Justice is indefinable in law. It is in dispute with law. Lawyers would say that justice may apply to disperse issues or engage technical questions, objectivity to judge or give penalty and reward. In history, law, anthropology and political science, the role of justice is regarded as a political statement.
There are two chief definitions of justice. One relates to criminal activities while the other relates to equality. What may be seen as a crime to the people might not be seen as a crime in law. The same is applicable to equality. In some cultures (with emphasis on Islam) the treatment given to men is not the same as women. They measure justice not on equality but on equivalence. Treatment also differs between a man and woman, a boy and a girl in a Muslim community. For this reason, we cannot say that since there is inequality in Islamic tradition – there is injustice. Most Muslims were comfortable with this and no one, seeing through their lens, would characterise their practice by injustice. In this context, justice and injustice is determined by the law governing a given group and country. Conversely, in the face of injustice, a suspect has the right for a plea bargain in a court (in front of competent jurisdiction). Therefore, what may seem as injustice at a local standpoint is not always enough to convict. Even when a suspect admits guilt in a societal setting, to evade extrajudicial punishment, he or she still remains legally innocent.
Nevertheless, settling a matter out of court is often seen as more important than justice. They call this a win-win situation in law, whereby both prosecutors and defense attorneys’ interests are managed. We can see that in this type of situation, the victims and the community have no place in the world of justice but the suspect has. Prosecutors and defense attorneys are often faced with pressures that lead to a compromise. This brings societal justice as the compromise has guiding principles and rules. There is no special treatment. Here, the law is not evenly and equally applied to all.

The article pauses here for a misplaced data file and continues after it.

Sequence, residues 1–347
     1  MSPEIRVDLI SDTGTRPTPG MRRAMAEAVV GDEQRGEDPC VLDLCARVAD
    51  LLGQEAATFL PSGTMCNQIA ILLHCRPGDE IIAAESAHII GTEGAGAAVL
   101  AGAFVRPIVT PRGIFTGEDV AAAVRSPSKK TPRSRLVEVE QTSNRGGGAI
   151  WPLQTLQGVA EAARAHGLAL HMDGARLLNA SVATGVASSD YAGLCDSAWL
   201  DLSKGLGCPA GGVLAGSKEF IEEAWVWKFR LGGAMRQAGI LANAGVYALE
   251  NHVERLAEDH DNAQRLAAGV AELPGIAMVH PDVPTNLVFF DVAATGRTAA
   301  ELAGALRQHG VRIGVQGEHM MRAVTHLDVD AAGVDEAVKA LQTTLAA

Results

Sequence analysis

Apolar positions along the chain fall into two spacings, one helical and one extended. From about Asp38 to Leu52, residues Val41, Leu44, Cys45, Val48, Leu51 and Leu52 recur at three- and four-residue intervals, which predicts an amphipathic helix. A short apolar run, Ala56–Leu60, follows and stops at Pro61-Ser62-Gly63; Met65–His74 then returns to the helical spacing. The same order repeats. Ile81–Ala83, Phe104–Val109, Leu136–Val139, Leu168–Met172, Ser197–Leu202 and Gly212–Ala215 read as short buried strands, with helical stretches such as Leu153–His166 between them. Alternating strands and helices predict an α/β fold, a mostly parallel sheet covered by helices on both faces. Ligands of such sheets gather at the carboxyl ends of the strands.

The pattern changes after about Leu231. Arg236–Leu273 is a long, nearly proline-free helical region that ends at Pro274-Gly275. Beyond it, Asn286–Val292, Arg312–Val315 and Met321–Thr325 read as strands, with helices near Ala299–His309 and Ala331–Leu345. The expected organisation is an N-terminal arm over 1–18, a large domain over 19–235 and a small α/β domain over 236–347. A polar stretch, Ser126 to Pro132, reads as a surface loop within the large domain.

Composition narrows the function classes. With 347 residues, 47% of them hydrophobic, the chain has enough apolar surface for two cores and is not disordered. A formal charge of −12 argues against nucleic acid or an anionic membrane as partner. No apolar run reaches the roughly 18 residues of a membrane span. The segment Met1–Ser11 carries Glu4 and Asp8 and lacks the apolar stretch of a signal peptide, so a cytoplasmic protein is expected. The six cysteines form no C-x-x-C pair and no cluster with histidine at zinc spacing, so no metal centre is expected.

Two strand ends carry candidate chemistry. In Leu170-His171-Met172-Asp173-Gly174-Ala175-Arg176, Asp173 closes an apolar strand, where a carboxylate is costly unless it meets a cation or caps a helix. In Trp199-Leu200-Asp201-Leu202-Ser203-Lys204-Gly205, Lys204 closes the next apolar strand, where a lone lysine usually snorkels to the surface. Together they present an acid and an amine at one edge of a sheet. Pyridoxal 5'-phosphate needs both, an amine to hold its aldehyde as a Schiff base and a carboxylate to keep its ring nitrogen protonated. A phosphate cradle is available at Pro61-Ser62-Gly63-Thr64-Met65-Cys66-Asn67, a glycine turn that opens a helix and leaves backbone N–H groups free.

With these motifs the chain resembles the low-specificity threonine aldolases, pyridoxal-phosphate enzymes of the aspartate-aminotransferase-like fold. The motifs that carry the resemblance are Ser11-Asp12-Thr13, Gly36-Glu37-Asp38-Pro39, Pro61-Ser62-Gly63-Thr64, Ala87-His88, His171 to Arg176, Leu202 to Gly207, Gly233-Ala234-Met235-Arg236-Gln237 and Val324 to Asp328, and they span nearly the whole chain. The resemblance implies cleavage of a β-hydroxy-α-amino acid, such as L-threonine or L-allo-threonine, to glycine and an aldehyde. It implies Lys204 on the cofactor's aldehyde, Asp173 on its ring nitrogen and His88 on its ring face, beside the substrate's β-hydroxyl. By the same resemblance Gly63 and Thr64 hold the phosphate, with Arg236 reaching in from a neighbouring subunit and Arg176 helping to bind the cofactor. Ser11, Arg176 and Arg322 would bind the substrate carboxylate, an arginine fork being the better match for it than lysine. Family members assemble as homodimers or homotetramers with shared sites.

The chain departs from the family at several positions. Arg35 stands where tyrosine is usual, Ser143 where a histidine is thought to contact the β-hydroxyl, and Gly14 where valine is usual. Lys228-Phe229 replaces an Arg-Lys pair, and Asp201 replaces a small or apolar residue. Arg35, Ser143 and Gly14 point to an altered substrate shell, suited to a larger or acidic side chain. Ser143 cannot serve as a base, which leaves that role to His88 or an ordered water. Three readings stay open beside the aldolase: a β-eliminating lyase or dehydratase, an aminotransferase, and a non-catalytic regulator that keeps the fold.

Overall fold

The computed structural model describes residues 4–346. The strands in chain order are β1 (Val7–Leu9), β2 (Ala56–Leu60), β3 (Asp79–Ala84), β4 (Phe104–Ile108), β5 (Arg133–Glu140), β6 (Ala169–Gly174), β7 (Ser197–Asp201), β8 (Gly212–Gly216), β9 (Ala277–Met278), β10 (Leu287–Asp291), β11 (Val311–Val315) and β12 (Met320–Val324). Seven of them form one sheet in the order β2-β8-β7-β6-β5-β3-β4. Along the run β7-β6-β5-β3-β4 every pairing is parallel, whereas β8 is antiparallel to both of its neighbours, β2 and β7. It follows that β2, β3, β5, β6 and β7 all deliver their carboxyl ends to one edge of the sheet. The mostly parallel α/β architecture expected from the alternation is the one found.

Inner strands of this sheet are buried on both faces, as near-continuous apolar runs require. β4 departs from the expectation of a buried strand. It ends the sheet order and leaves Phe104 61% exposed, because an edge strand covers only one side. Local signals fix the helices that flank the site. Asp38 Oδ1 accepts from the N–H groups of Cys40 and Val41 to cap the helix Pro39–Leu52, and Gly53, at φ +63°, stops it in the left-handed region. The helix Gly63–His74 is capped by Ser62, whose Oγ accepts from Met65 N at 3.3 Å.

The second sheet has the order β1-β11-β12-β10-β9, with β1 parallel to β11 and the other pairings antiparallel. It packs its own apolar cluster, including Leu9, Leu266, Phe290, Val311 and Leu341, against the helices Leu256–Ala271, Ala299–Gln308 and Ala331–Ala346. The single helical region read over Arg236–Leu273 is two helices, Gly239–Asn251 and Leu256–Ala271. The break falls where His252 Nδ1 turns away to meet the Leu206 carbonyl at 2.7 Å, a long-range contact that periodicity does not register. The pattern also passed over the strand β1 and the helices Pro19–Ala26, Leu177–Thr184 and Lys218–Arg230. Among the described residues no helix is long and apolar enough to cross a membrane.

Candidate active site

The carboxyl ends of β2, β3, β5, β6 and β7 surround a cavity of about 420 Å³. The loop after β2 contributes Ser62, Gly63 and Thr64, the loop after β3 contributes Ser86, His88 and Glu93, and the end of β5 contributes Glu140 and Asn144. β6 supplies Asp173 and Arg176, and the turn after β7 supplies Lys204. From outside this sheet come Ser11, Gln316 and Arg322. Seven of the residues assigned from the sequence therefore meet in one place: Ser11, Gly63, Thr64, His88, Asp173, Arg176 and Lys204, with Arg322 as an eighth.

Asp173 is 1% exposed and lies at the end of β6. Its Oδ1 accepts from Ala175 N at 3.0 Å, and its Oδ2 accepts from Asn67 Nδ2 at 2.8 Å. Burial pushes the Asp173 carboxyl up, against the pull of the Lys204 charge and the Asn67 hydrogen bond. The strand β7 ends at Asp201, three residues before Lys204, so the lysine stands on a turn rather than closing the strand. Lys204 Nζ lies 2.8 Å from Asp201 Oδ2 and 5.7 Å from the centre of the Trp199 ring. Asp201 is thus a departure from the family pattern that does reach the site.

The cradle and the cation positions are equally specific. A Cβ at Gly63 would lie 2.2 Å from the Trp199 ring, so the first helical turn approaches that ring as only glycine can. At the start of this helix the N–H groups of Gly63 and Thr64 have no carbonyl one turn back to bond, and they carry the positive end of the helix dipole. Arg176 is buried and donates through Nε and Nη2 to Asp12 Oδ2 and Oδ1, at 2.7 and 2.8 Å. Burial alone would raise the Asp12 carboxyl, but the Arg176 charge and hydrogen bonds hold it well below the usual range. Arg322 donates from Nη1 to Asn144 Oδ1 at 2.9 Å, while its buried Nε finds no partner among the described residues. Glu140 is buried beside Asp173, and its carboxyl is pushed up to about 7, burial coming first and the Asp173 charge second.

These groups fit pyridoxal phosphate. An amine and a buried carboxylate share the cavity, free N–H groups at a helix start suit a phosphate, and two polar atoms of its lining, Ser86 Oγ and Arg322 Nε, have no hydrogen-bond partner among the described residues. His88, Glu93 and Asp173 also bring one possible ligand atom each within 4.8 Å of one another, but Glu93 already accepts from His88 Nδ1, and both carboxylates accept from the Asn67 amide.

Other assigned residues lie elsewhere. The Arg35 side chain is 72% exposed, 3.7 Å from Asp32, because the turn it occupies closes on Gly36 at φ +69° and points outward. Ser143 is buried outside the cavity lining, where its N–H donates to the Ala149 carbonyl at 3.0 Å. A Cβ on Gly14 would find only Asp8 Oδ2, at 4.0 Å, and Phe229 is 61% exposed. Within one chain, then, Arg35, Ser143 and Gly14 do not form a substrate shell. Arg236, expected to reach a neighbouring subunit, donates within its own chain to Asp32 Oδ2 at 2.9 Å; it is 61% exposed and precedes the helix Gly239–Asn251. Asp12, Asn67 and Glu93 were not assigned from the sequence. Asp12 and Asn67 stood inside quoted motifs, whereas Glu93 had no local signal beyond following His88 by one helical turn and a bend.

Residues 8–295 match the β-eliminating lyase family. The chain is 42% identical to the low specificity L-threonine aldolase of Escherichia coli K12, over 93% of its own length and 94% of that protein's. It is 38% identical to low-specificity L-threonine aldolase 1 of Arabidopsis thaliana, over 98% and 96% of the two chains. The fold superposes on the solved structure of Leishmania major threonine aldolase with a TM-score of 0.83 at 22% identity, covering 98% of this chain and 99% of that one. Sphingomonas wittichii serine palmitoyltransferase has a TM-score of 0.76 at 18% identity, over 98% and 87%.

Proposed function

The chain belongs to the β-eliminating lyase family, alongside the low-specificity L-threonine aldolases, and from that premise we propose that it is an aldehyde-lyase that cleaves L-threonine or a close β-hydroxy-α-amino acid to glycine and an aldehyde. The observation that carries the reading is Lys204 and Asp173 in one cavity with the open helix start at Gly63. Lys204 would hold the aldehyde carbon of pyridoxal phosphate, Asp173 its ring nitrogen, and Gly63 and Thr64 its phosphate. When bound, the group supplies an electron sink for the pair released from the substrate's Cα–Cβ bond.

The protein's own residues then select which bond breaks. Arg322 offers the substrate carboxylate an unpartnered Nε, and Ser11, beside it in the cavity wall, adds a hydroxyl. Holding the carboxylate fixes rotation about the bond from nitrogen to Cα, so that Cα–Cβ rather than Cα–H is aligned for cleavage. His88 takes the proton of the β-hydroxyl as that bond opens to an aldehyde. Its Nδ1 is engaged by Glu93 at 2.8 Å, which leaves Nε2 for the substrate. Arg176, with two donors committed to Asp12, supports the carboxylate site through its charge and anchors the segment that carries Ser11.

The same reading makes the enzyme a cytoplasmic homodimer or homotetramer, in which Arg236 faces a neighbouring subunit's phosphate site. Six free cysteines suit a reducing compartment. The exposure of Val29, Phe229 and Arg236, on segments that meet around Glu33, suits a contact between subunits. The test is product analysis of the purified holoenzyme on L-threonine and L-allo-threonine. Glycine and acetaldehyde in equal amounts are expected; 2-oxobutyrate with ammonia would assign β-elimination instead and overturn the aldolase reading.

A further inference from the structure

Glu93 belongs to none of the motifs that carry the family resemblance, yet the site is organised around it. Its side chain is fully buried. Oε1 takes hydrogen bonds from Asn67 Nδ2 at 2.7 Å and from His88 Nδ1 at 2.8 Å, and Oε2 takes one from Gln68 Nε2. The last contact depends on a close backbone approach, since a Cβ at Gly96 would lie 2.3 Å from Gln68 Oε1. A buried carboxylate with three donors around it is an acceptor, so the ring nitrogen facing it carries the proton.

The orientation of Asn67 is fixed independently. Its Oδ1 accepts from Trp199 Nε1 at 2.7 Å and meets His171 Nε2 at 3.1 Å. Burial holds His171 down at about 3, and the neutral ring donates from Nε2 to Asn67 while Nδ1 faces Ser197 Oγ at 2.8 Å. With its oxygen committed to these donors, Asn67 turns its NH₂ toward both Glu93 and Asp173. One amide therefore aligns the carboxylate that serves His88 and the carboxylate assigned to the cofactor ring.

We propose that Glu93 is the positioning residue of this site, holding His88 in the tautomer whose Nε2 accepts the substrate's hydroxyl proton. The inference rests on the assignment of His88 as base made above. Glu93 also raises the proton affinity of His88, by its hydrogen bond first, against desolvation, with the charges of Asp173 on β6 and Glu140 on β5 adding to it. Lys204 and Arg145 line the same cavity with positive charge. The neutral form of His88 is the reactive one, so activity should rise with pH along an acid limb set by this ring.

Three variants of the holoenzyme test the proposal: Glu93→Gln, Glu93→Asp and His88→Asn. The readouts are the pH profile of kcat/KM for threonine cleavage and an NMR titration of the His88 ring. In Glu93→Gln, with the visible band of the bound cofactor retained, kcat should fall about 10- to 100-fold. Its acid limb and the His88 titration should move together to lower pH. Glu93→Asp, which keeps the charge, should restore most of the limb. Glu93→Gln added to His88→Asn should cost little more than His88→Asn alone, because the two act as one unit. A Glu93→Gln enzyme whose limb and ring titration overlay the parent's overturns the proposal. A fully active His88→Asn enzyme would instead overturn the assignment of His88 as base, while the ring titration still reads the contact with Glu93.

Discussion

Not evenly and equally applied
Analysts would say that governments at all levels are keen to promote social injustice christened as social justice. This is where the interest called political correctness comes to play. Many governments convert this political ideology into law, which ought not to be so. There are suspects that receive special treatment to the peril of private citizens. Now, we have governments all over the world who prefer the gathering of special interests above the law. This is to say that Martin Luther King Jr. and his contemporaries were children of circumstance at the time. Today America allows millions of migrants into her every year and allows them to enjoy welfare.
To the government, this is a way of showing justice to those outside America (in need of coming into the country). But for the taxpayer, it is blatant injustice against the whims and caprices of the American Refugee Act of 1980 which specifies a limit of 50,000 refugees. Some Americans would say, “Executive decisions removed limits.”
Conclusion: The blind and the elephant
Proverbially speaking, justice and injustice are like the elephant in the eyes of the blind. The blind can only define an elephant from the side he or she is allowed to touch. Thus, the great Martin Luther King Jr. was a blind man in the definition of justice and injustice without considering social, religious, ethical, traditional, political, economical and sundry differences around the world.